7

I have only six months in playing piano. I want to learn a new sheet, but I don”t understand this notation that merges the two staffs. Can you explain to me please? notation example

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13

It means exactly the same as the following (edited by me)

enter image description here

The original version is just a way of showing that you play in groups of three. I don't think it helps!

8

This particular notation is called cross-staff beaming. Perhaps nastily, it's often done without rests near each such beamed group, so consider yourself lucky that you get rests.

Playing-wise, whether the rests are there or not doesn't matter, so make sure you go RH-LH-RH in the circled group in Bar 2 and RH-rest-LH in the circled group in Bar 3.

6

upper staff: r.h.

lower staff: l.h.

beams are cross over the staffs, rests are additional with the notes and complementary per staff, the reading of this notation is absolutely logical, like you were playing the Konga l.h/r.h.

Advice: try to notate a rhythm for a percussion instrument like l-r-l-r or r-l-r-l and any combination and permutation, and when one hand plays the other has a rest. You will get used to read this notation by writing yourself some exercices.

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  • (Because of the OP's statement «only six month in playing piano»): the five liner staff in the US is the stave in the UK. – Buttonwood Aug 26 '20 at 8:01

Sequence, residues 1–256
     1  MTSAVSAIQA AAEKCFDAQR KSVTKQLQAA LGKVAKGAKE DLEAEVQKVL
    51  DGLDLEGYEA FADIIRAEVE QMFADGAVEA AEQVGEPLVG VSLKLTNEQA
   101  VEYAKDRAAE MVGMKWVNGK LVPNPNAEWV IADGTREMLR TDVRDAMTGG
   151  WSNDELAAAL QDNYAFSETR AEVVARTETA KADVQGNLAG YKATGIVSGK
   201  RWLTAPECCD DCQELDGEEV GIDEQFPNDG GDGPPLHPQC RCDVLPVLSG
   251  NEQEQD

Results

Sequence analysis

2

It's nothing extraordinary - just a 'shorthand' way to write out the dots. Counting 6 in a bar, bar 2 goes r.h.(1), l.h. (2), r.h. (3), l.h. (456).

Bar 3 goes r.h. (1), rest (2), l.h (3), r.h. (4), rest (5), l.h. (6).

The bar underneath - bar 7? - is the opposite to bar 3, hand-wise.

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  • 1
    what do you think, Tim: isn't the interpretation of this notation quite obvious? doesn't the picture say more than all our words? – Albrecht Hügli Aug 25 '20 at 9:12
  • 2
    @AlbrechtHügli - obviously not obvious to all! It's the stems that must have confused the OP. Far more often, they are confined to each clef. – Tim Aug 25 '20 at 9:20

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